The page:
Â· References. Your analytical report should use and refer to at least 10 scholarly, reputable sources that you have actually cited in your paper in your references section using APA formatting (e.g. those that you have consulted with are not to be listed). If you have only consulted with a source, but did not use information, ideas, or words from the source, then you should not put it in your references.
Â· Appendix/Appendices. Generally, if you have gathered a large amount of data but only cite the results, include the raw data you have (excel spreadsheets, tables, survey results, etc.) and is too long in a separate appendix. Example: Appendix A: survey data, Appendix B: interview transcripts, etc. An appendix simply allows your reader to take a closer look at your gathered data if they want to, whereas in your report you should only feature what is most salient about the data as you have interpreted it.
*****See ASSIGNMENT NOTES and GRADING CRITERIA on next page*****
1. Pay close attention to the information in the textbook, Ch. 10. For a good example of a business analytical report, see pages 450-458.
2. A Note of Warning: If you plagiarize, I have no choice but to give you an â€œFâ€ for the assignment, with dire consequences for your passing the course. Any ideas, words, data, or anything else that you use from a different source needs to be properly documented using APA formatting. Presenting third party source material as your own words while attributing the source also constitutes plagiarism, as it should be indicated how you use the source â€“paraphrase or quote and always attribute source properly.
Elements of Report Problem Definition/Scope/
Visual Rhetoric and Research Quality
Research Methods/Results/ Discussion / Conclusion with
APA & Grammar
Does your report contain all of the elements described above in the required sections of the report? (i.e. Does it use IMRaD effectively, feature front, report, and back matter as described).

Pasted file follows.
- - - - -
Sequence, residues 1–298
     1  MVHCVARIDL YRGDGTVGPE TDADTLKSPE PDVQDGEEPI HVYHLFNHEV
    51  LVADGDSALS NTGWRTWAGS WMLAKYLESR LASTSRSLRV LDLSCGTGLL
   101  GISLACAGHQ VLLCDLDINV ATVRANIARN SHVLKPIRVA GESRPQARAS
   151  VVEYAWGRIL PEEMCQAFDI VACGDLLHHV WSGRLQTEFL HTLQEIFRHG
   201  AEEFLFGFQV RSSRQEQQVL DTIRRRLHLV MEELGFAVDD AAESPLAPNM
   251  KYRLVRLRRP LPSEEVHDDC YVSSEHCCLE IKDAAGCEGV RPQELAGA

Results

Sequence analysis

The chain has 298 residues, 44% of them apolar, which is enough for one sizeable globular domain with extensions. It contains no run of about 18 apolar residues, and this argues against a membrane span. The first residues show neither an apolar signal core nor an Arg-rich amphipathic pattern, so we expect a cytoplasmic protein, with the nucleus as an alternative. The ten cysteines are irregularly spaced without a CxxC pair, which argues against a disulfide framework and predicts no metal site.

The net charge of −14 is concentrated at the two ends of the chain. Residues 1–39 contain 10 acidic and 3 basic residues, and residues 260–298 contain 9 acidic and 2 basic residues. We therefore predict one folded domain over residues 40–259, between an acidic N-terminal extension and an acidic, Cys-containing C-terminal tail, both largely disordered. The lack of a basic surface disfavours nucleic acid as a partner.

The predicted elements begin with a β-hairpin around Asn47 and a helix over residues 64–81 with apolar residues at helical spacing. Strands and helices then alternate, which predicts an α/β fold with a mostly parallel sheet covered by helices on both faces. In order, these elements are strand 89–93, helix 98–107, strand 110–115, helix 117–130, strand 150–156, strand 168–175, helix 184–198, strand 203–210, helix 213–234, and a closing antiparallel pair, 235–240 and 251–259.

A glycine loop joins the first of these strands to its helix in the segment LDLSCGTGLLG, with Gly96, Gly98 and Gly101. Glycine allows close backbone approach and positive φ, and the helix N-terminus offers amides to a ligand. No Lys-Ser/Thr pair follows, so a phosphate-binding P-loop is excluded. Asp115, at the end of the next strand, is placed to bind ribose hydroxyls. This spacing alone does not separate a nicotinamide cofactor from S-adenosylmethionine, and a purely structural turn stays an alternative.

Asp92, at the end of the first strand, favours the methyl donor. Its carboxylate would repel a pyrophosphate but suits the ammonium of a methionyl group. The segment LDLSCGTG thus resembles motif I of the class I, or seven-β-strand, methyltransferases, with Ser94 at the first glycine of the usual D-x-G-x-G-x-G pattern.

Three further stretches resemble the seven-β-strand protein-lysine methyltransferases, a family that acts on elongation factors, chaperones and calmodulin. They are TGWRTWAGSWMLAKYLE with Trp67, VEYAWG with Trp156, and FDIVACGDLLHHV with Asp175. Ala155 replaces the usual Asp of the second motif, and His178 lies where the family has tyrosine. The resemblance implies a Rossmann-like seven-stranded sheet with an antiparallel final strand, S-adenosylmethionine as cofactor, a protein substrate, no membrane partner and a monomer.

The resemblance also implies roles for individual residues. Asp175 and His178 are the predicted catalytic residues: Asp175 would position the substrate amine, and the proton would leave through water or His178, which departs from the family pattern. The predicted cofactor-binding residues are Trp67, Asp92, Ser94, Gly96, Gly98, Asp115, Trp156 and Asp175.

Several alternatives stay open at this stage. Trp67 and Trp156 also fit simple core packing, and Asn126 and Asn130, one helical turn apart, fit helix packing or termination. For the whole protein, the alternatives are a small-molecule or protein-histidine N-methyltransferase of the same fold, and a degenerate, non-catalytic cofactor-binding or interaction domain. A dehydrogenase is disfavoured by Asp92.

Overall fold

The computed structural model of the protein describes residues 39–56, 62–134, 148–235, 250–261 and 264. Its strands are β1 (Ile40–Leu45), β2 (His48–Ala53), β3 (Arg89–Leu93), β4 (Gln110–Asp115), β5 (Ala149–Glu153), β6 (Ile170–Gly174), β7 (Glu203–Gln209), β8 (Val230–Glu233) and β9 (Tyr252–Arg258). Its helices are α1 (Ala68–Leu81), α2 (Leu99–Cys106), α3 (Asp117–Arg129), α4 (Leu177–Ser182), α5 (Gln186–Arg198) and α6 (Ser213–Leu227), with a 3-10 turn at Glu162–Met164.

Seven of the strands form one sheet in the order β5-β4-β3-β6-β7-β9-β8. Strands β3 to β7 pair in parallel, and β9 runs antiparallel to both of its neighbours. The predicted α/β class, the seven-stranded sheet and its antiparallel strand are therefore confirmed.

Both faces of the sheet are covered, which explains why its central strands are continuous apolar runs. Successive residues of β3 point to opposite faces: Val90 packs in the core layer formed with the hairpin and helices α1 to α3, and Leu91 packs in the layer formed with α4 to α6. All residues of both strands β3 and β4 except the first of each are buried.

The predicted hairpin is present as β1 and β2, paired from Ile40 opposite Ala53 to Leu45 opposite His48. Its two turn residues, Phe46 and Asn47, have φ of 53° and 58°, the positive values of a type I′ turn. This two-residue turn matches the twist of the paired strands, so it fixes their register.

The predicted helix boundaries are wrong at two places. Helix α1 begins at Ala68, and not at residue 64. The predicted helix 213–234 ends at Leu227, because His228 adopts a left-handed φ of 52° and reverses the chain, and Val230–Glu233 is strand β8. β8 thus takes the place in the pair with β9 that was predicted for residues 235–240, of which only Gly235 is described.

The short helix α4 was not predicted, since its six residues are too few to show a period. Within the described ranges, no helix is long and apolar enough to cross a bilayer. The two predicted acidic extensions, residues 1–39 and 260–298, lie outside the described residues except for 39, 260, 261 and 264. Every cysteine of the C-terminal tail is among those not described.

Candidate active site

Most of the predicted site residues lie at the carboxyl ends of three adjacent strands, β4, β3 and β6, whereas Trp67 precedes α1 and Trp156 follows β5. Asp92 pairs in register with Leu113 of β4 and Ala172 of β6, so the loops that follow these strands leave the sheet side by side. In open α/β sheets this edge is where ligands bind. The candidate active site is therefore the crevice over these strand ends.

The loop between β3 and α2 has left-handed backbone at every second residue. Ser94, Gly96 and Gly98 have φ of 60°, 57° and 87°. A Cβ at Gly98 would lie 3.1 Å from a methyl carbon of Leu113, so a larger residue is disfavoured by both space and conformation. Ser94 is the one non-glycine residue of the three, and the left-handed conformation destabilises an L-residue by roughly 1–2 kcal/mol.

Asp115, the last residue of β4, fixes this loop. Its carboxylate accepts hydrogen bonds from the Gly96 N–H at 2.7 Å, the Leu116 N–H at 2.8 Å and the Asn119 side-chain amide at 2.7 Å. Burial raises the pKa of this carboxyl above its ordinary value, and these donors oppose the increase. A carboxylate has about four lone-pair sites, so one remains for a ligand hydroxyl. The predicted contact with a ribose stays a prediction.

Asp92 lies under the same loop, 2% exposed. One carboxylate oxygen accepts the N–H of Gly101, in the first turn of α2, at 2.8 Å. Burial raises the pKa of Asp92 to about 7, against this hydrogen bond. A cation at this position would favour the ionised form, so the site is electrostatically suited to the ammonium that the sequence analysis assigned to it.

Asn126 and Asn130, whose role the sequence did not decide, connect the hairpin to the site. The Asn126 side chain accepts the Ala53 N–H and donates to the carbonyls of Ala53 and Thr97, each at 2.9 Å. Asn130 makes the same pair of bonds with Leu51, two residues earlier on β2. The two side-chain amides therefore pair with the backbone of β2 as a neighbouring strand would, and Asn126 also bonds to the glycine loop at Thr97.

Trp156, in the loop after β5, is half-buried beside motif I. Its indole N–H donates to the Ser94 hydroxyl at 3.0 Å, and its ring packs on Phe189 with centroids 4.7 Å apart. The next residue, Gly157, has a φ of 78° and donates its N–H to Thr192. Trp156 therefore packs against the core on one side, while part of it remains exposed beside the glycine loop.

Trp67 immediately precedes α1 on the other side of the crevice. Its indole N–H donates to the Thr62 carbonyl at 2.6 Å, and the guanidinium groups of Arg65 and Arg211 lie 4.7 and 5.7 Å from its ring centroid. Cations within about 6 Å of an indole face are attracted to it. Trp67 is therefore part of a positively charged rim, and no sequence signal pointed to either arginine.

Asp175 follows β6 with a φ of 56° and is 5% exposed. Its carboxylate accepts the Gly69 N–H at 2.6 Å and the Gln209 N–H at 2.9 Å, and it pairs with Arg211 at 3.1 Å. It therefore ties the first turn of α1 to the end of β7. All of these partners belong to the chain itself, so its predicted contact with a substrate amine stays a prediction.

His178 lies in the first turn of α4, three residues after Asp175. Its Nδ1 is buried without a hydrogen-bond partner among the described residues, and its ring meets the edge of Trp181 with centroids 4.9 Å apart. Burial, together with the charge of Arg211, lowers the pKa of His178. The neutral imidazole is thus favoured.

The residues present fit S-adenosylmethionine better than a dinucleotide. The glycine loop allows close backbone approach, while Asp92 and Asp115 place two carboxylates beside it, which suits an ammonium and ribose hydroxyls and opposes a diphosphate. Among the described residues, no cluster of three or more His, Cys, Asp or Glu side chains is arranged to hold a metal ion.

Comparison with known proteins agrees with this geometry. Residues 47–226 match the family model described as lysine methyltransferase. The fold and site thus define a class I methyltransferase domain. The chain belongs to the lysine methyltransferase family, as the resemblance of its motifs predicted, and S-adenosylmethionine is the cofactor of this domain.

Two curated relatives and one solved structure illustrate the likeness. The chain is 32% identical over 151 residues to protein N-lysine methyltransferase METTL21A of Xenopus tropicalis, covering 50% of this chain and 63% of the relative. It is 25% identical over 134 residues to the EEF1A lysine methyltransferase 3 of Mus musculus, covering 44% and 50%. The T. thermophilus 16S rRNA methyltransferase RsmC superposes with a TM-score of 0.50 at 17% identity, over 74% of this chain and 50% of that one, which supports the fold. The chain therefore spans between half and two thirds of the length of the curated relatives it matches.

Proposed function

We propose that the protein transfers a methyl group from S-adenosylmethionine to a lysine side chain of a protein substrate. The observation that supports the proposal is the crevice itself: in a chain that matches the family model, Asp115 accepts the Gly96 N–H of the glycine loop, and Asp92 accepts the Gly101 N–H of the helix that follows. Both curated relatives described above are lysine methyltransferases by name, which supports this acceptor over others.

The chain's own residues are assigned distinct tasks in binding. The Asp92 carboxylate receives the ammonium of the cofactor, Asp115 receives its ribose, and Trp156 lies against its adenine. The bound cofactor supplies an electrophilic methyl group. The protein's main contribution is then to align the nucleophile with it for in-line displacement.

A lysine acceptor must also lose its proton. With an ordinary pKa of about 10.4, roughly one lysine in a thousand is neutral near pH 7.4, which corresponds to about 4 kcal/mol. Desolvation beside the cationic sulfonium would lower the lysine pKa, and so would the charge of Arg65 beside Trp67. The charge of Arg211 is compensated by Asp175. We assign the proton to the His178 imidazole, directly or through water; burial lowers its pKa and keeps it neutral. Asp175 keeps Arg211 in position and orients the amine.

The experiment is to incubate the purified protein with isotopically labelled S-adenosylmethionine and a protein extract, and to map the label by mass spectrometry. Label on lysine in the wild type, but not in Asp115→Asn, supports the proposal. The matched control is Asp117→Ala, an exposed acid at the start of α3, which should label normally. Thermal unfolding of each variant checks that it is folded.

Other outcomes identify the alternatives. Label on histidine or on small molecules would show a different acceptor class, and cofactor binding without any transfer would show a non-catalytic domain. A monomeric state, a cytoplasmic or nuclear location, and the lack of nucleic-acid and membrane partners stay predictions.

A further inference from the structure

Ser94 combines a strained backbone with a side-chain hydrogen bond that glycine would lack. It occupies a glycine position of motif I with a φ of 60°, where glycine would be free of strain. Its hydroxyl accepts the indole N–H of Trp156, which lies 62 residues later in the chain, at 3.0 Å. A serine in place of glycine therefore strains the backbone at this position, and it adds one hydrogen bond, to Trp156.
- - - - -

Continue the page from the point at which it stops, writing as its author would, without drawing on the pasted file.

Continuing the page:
Uses effective forecasting and top-down processing with a clear subject, purpose and main point for each section?
Is your report rhetorically effective in introducing the problem? Does it present a full overview of the problem, its causes and effects, and does it approach the problem in comprehensive and persuasive ways (is the scope /angle accurate, not too narrow).
Visual rhetoric is used to great effect. At least 4 data visualizations are used to represent data effectively as a story, are placed in the text, and referred to in-text and labeled below with a description (i.e. Figure 1: [description]). Visuals are placed functionally.
Report writer uses headers and chunking of text to create a visually well-organized and accessible rapport that is easy to read.
Is your research accurate, valid, and reliable and showing your credibility as an informed writer and researcher?
Researcher incorporates at least 10 academic sources. Writer is well-researched, informed, and objective in reporting on the problem/issue without inserting their opinion?
Research questions are clearly defined and methods section is tied to research questions that are qualitative, quantitative or mixed methods. Follows RQs and takes reader through process of gathering data step-by-step chronology.
Results and Discussion are in-depth and incorporate literature and empirical data and answer RQs at an academic level. The researcher presents results objectively and waits to make a recommendation in the conclusion.
Conclusion presents patterns that are logical based on data gathered. Data gathered is from literature and primary research conducted by the writer.
Recommendation take into account various patterns in the report and based on this, the researcher makes realistic recommendation(s) for stakeholders of the problem/ issue.
Use of APA conforms to standards as defined in book and OWL-Purdue (no errors in documenting sources in-text or your references). Correct use of paraphrase, summary, in-text quotes according to APA standards. APA formatting adhered to in References.
No grammatical errors that detract from the professionalism of your report (typos, misspellings, possessives, run-ons, etc. etc.). Please consult last page in book (SPELL â€“ Structure, Punctuation, Errors, Language) to learn about some of these common errors and how to avoid them. Also, visit the University Writing Center if you need to have someone help you explain these to you (or come talk to me).